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Lethbridge Herald Newspaper Archives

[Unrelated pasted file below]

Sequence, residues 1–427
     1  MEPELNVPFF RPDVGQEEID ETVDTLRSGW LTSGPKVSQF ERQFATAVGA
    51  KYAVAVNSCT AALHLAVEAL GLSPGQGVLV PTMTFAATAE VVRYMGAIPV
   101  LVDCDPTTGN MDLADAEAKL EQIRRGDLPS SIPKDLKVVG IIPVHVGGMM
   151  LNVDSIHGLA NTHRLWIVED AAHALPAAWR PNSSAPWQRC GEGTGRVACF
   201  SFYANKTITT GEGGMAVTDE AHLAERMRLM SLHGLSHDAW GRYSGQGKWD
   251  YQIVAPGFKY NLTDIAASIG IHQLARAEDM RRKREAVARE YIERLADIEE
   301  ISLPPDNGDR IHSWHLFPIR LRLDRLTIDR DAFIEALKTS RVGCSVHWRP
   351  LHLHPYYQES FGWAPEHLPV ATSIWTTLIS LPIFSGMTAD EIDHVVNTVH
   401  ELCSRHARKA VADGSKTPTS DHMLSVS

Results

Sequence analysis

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Lethbridge Herald, The (Newspaper) - November 1, 1972, Lethbridge, Alberta IT'S NO WALRUS Craig Jennings of Vancouver tests o rww Swedish dry suit for use by divers in cold water. He turned up variable buoyancy control to high and pop- ped up on the surface. The at all times. t will keep a dive: warm Americans ieel serviceman's loyalty disappearing What is treason in this war? By TOM TJEDE WASHINGTON (NEA) When one of the recently re- leased prisoners of war return- ed to his hometown, he re- ceived a mixed reception. There were cheers representing the sentiment of hometowners who were happy to have their sold- ier back and never mind any- thing else. And there were grumblings, too, prompted by the suspicion that the POW paid for his Vietnam release al the expense of the United States. He had said some felt, some fuzzy things about America. Antiwar things. And here he was, for it all, being treated like a hero by the nation he knocked. The latter opinion, correct or not, is a growing one in the land, Confused by more than a decade of war, bitter about the changes occurring in national patriotism, many Americans feel that the last of the coun- try's uniformed values the serviceman's loyalty is dis- appearing without so much as yelp from the regulatory au- thorities- To be sure, this opinion has been repeatedly reinforced by current events. Several years ago the North Vietnamese be- gan periodic broadcasts of al- leged antiwar statements by captured Americans. Over the years such statements multi- plied through the world press. Most recently a captured Air Force captain is reported to have said (via short wave broadcast) that Senator Mc- Govern should be elected pres- ident, because: "I feel that (McGovern) is the only reason- able choice for the American voter. This war must be stop- ped immediately so that the Vietnamese people can live in peace These statements, some much worse, fall decidedly outside the bounds of what is expected of American prisoners of war. And the question is being raised, even though POWs still are im- prisoned: What, if any, action should eventually be taken? There is no doubt that many o( the POW statements beamed out of North Vietnam are, in and of themselves, grounds for court-martial. The U.S. mili- tary has always had a set of responsibility regulations, writ- ten or implied, in time of war: Do not aid or comfort the ene- my. Do not Jeopardize fellow prisoners. Even when the speci- fics were vague, the intent was clear and enforcement was a matter of well-understood logic After the Korean war, more- over, the vagueness was re- moved from the list of prisoner responsibilities. Military offi- cials were taken back by what they considered to be deplor- able behavior by so many pris- oners of war (no one escapee from a camp, or even made a good The Korean statis- tics, actually, were not all that bad of POWs, only 6 per cent were specified as hav- ing possibly misbehaved, and slightly more than a dozen were court-martialed but the mili- tary reacted anyway. Dwight Eisenhower, then president, or- dered that a specific "Code of Conduct" be drawn up to man- date honor. The Code, wliich is still re- quired reading (at least once a year) for every serviceman in the nation, suggests that they not be captured, but if, under "superior they are, they should conduct themselves as "God and the United States" would want. The key point: "When questioned, should I be- come a prisoner of war, I am bound to give only name, rank, service number and date of birth- I will avoid answering further questions to the utmost of my ability. I will make no oral or written statement dis- loyal to my country or its al- lies or harmful to their cause." Clearly, many of the state- ments out of North Vietnam in recent years would bust this Code of Conduct. Thus, many Americans feel, the attending prisoners should be held respon- sible. But will they? With some discomfort, the Pentagon says it is too early to tell. Key officers in the Defense Department warn that the pub- lic should not make any judg- ments about the prisoners until all are safely home and all the 'acts are in. "The broadcasts by themselves mean says one spokesman. "We don't aiow what the conditions for the statements are. We don'l know if they are being forcec to make them. We just don't know. And until we do we are assuming that our men are handling themselves as expect- ed." In fact, the military does more than assume the POWs are handling themselves well. "All of our indications point to the fact that they are doing an ad- mirable job." More than 20 prisoners have escaped from the enemy's detention. Most tablished camps in North Viet- nam, according to good inform ation, have set up military-like structures for behavior and ac tivity. And the word from the releasees-escapees has been, except for some instances, thai the majority of POWs refuse to co-operate or abet their captors Therefore, say authorities "At present we are not plan- ning or contemplating charges against anyone. We don't even like to talk about the possibility of charges." Speculations on the military's part, indeed, would be hazard- ous. Not only do authorities want the public to keep faith with POWs, but they don't want to risk any further public con- troversies on the prisoner ques- tion. "We know the public is wondering about says one civilian in the POW section "but what can we say, The shrug is understandable. Public sympathies lie with the prisoners, not the Pentagon; and anything said without com- passion would be met with an avalanche of contempt. (The Marines did try one former prisoner, a sergeant, for alleged misbehavior, but public critic- ism was cut short by a rather quick finding of innocence.) Besides, says another author- ity, the whole question of right and wrong in Vietnam is mur- ky: "I've read all the state- ments allegedly made by POWs, I don't like them, but they are no different from what politi- cians in America are saying everyday- I think we have to ask ourselves a hard question: What is treason in war, any- So. Still another dilemma out of the Vietnam era. What, in- deed, is treason in this war? Major crash course in Brazil Literacy rate climbing RIO DE JANEIRO (AP) Brazil's literacy rate is climb- ing, thanks to what the govern- ment bills as the world's biggest crash course hi reading and writing for adults. Seventy-two per cent of those over 15 in this vast South Amer- Medical treatment helps midget in effort to grow OTTAWA (CP) Barry Bur- gess is a and 4 feet, 114 inches tall. A hormone deficiency stopped his growth when he was seven. But tlmnks to medical treat- ment lie hns p-own Ihrce Inches in the last in months. His gonl is nt lonst five feel. The key to his new growt.li Is Dr. Knmnl Kmvnyli, n specialist in glandular disorders, along wilh of linninn growth hormone from cndnvcrs. The hormone which scls Rrowtli is sccrclcd in the pitui- tary glnnd, n smnll orgnn lo- cated in the brain, just behind the eyes. As yet, tlic hormone cannot be made artificially nnd animal hormones cannot be substituted. The treatments arc given over ,1 six-month period. Between each, there is a six-month gap, rkiring which the effects are noted nnd nssesscd. Doclors say only nbout five per cent of suhnormally-slzcd people boncfH from I he hor- mone treatment Iwcnuse nn in- dividual's conslllutlnn may be responsible for ills size, ican country of 100 million peo- ple now can read and write, the education ministry has an- nounced. In 1MO, Brazil's liter- acy rate was 44 per cent. Education in general has im- proved in Brazil in recent dec- ades. But tho recent upward spurt in literacy is due mainly to a nationwide program for called MOBRAL. Since ils stnrt two years ago, MOB- BA1, claims to have laught more than two million adulls to read nnd write. That total will rise to 7.2 million by 1974, offi- cials sny. MOBRAL Is doubly succcssul in Ihnt it uses hardly any money from federal, sljite or locnl budgets- Most of ils funds will spend mil- lion in 1P72-come from the weekly nntionnl soccer lotlery. Another chunk comes from pri- vate corporations, which can earmark one per cent of their federal Income tax cnch yenr to lire program. Should a POW, aching with years of captivity, be held an- swerable when millions of oth- ers, living free, are not? And on the other hand is a military without rules, and the right to enforce them, a military at all? Even when the war ends, it appears, Its distressing agonies are likely to continue in this weary, weary nation. The Lethbridge Herald Fourth Section Lcthbndge, Alberta, Wednesday, November 1, 1972 Pages 37 to 48 Various styles of operation Sex therapy clinics increase By BOYCE BENSBERGER New York Times Service NEW YORK For many people, including at least haif the married couples in the country, BOX is not Lhe most natural thing in the world. What is called "the act of love" is commonly awkward and painful, often shameful and embarrassing, and some- times completely impossible. Thus, in the two and one half years since Dr. William H. Mas- .ers and Virginia E. Johnson 'irst publicized these facts in :heir text "Human Sexual In- there has been a quiet proliferation of sex ther- apy clinics across the country. Although there is no reliable count, a check of 20 cities show- ed at least several dozen sex clinics in various styles of op- eration. Most operate on a small scale, treating no more than a Few dozen couples a year, in inconspicuous "professional building" offices. Many are closely patterned after the Masters and Johnson program in St. Louis or use some of its methods mixed with other well established tech- niques, such as psychoanalysis. Examples are: The sexual behavior con- sultation unit at Johns Hopkins FJospital in Baltimore, where a modified version of the Masters and Johnson program may cost up to for two or three weeks. Closely related to the nospital's sex-change surgery program, the unit specializes in sex problems involving de- formities of the genitals. A small program at a pri- vate psychiatric hospital in h i c a g o 's suburban DCS Plaines, where couples pay for 15 hours of treat- ment over a 12-week period. The program, at Forest Hos- pital, is headed by a psychiat- rist and a gynecologist and combines conventional psycho- analysis with techniques de- veloped by Masters and John- son. Some sex therapy programs appear to be little more than prostitution rings that have cloaked themselves in a new- ly respectable mantle. Through the use of the "surrogate a technique once used but now abandoned by Mas- ters and Johnson, these opera- tions sell sexual gratification to men, some of whom appar- ently believe they are getting legitimate therapy. Still other programs lie some- where in between, offering some of the methods developed in St. Louis but in settings that are frowned upon by many of the ofothodox therapists. These include: A nude encounter group program in New York where sexually dysfunctional men and women learn to give and receive physical contact by experi- menting on each other. The pro- gram, offered by a private en- counter group centre called An- thos, meets for 12 two-hour ses- sions and costs a person. The Berkeley group for sexual development, which re- lies heavily on the use of sur- rogate partners, some of whom are ex-prostitutes. Patients are charged to 230 for each ses- sion with the surrogate and for participating in an counter group session. "This is a growing said Mrs. Johnson, who re- tains her former name in pro- fessional circles though she is now married to Dr. Masters. "We hear reports that programs are starting up eveywhere. Thee are people in it for all the right reasons and some for not the right reasons." Masters said he believes the men is from 15 seconds to five to engage in a long coital ses- sion before ejaculating. Many men who reach orgasm in a minute or too think they premature ejaculators find, therefore, abnormal. In fact, studies have shown that the range of coital time before ejaculation in normal growth of sex clinics is partly a product of the times, a result of increased awareness of sex through the media and the fact that people feel more comfort- able talking about their prob- lems now. 'I think it's also because a man and a woman need each other more now than ever be- Masters said. "People need someone to hold on to. Once they had the clan but now they only have each other." Another factor in the proli- feration of sex clinics is clearly the emerging demand now that j people know help of this type is available. Most of the therapists, re- gardless of the style of the pro- gram, agree that Americans are beset with misconceptions and myths about what is good and normal sexual function- ing. Many men, for example, be- lieve that they are suffering a problem if they become impo- tent once in a while. In fact the therapists agree, the vast majority of normal men ex- perience impotence from time to time as a result of fatigue, alcohol, anxiety or other trans- ient circumstances. Another miscon c e p 11 o n among men that many of the therapists have found is the be- lief that a man should be able minutes. Arother myth concerns the simultaneous orgasm, once touted in marriage manuals as the ultimate in sexual pleas- ure. In fact, according to many therapists, it is almost impos- sible to achieve and Is no more enjoyable than when one part- ner reaches orgasm before the other. Even having an orgasm at all is not necessary to deep and rewarding sexual pleasure, many therapists said. today's FUNNY OF THE WEIGHS' Jordans Superb Fashion Leader Carpet now featured at spectacular savings ANNUAL SALE of FINE BROADLOOMS Cheap carpet at a cheap price is not good value! 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